They lose by point, but appeal decision to Central Council arguing that referee unfairly disallowed an equalising point scored just before full time, appeal successful and Ballyduff replay final, becoming only Kerry side to win Munster title beating Treaty Stones 2-4 to 0-1 in Abbeyfeale in Jan 1892. Wild scenes of celebration in Ballyduff.

Qualify for final against Wexford's Crossabeg club, played on 28 February 1892 in Clonturk park (near Drumcondra) Dublin. Only hurling final ever to go to extra time. With sides level Crossabeg get a free and score a winning point, but referee declares he called full time before ball sailed over the bar. Despite protests from Ballyduff that they will miss their train, their persuaded to play extra time and win by 2-3 to 1-5.

Ballyduff one of first club sides in All Ireland to use players from other clubs. In 26 man panel were 7 Lixnaw men and ten from Kilmoyley. However irony that this national success actually lead to near collapse of hurling in Kerry. Financial cost of getting to final, cripples players many never again hurl for their club in county championship (Cost 16s for transport accommodation when average farm wage was 1-2s a week).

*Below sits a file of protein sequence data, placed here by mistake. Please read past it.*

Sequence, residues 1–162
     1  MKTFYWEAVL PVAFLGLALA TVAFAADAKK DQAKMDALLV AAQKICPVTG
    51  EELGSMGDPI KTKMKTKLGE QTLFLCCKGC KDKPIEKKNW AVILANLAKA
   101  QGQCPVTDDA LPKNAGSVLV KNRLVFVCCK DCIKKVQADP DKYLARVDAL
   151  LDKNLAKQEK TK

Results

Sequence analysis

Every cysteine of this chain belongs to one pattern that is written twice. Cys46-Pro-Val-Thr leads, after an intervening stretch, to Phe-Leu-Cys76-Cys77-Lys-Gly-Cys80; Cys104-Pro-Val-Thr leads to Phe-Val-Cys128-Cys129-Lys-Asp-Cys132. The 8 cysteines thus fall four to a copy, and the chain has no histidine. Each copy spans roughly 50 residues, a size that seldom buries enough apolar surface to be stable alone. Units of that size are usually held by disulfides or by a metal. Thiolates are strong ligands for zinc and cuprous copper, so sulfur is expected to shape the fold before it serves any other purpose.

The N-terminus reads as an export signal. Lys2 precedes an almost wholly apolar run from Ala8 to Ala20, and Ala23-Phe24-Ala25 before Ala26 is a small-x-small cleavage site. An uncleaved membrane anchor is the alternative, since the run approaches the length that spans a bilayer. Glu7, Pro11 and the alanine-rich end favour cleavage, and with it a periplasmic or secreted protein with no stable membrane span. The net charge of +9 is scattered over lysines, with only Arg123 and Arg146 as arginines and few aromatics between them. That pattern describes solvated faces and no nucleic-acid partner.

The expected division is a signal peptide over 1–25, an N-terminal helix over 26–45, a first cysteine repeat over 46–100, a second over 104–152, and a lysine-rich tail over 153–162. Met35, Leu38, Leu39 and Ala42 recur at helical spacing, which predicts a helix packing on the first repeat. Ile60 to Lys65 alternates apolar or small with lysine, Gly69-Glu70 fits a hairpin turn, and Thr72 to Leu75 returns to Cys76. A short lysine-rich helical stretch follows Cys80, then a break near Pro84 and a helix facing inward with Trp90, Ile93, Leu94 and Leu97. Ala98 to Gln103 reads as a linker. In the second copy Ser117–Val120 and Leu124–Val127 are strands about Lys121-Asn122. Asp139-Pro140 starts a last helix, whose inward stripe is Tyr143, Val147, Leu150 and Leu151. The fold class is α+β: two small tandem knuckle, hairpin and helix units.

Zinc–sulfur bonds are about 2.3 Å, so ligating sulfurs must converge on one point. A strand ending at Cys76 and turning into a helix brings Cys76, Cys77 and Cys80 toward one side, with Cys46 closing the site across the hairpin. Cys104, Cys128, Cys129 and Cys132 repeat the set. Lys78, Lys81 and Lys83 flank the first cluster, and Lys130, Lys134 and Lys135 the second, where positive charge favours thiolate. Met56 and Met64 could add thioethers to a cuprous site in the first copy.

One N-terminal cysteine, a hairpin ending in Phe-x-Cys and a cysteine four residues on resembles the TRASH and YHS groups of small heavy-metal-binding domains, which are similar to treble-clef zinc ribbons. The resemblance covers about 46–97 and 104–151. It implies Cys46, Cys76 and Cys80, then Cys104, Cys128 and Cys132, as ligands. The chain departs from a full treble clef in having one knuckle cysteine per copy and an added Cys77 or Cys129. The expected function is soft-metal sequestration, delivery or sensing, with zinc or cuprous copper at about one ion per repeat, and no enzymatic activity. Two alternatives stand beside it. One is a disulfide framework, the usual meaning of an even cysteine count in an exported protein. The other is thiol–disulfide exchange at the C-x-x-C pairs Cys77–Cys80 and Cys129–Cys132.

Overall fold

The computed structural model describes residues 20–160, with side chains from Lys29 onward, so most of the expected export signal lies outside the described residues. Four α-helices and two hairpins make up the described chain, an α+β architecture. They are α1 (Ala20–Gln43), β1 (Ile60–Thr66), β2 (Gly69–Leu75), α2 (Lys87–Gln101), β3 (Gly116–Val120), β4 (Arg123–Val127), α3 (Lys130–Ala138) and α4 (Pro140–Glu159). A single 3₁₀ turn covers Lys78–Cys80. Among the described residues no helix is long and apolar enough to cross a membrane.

5) Kerry's first All Ireland football final appearance with Laune Rangers in 1893.
In September 1892 Rangers beat Ballymac to become Kerry champions.
Beat Cork champions, and then defeated Waterford's Dungarvan in the subsequent Munster final, setting up a tie with Dublin's Young Irelanders for the 1892 All Ireland final.
Meet Dublin Young Irelanders in Clonturk on 26 March 1893, lost final 1-4 to 0-3.
Rangers unhappy with defeat. Dublin crowd accused of unsportsmanlike conduct and being hostile to Kerry players. JP O'Sullivan, the famous Rangers Captain, tries to get Dublin team to replay.
However attempts fail last appearance of Kerry team in All Ireland for 12 years, football and hurling continue to decline in popularity in Kerry.   

6) Continued decline of the GAA, the threat of foreign games, and the growth of rugby in Kerry in 1890s.